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Prepping a Wildcat XX for the Mexican 1000 -- noob questions

#1
Hi:
While I've never raced in the desert before, one of my best friends and I decided that we want to enter the Mexican 1000 next year in production UTV class. His brother in law has a lot of experience rally racing and my friend and I have 8 years in road course endurance racing (24 Hours of Lemons). We are going to field a two vehicle team of 2018 Textron Wildcat XX UTVs. We settled on this based on what seems to be a more stable design for the rear suspension vs the RZR 1000. I know that there are rental options AND there are also non-competitive Baja options but this is what we want to do (it helps that my friends BIL already has the RV/trailer and workshop). I'm working through the logistics/planning right now as we plan our modifications (and await the delivery of the second UTV) and I had a few questions that I'm hoping you folks can help us answer since all three of us are new to desert racing.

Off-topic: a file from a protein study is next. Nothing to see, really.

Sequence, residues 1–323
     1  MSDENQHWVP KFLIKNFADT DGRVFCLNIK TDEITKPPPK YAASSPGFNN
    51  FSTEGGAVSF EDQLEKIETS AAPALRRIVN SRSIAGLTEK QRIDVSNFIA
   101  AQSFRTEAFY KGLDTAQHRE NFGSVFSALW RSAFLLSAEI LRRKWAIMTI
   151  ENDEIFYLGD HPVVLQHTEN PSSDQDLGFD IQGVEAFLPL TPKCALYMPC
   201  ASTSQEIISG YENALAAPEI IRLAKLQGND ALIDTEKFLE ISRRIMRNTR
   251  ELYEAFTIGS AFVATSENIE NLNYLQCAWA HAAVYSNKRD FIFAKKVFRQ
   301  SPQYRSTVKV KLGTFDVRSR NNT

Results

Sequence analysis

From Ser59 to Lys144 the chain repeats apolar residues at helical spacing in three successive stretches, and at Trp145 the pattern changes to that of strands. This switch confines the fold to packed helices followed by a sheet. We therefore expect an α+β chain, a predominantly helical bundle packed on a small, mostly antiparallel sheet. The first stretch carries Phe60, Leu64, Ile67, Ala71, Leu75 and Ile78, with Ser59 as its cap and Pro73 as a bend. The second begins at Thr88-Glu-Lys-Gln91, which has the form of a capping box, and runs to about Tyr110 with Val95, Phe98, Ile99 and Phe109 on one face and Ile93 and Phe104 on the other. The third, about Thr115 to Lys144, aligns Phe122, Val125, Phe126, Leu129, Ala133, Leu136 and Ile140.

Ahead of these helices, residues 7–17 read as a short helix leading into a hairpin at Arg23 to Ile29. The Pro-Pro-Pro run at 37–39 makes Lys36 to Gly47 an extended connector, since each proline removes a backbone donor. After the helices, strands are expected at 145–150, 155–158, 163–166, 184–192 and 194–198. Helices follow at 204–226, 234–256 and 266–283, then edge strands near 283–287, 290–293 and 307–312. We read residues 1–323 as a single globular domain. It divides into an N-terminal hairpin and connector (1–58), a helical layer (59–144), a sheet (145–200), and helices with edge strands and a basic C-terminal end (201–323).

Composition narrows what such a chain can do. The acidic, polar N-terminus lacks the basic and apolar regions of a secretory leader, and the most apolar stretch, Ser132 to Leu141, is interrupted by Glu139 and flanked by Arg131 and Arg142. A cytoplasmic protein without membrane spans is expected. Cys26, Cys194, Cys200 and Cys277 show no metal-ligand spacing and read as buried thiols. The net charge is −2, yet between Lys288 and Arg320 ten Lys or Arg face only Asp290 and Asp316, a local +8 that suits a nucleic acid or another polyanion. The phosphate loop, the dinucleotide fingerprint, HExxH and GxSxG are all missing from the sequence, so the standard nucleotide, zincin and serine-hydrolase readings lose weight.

Our overall philosophy is that we want to race in the stock UTV class because the Mexican 1000 is likely a one and done race for us (we will either resell the UTVs afterwards OR keep them to play in the Idaho area). We don't care if we leave "powah" on the table as the goal is to have fun and that means racing from start to finish (vs wrenching every night and/or the whole time). If some of you folks can answer one/some/all of these questions, we'd really appreciate it.

I know this is a super long list but I appreciate the time you folks might take to answer my questions.
Regards,
-gunn (yes, that's really my name)


Major Qs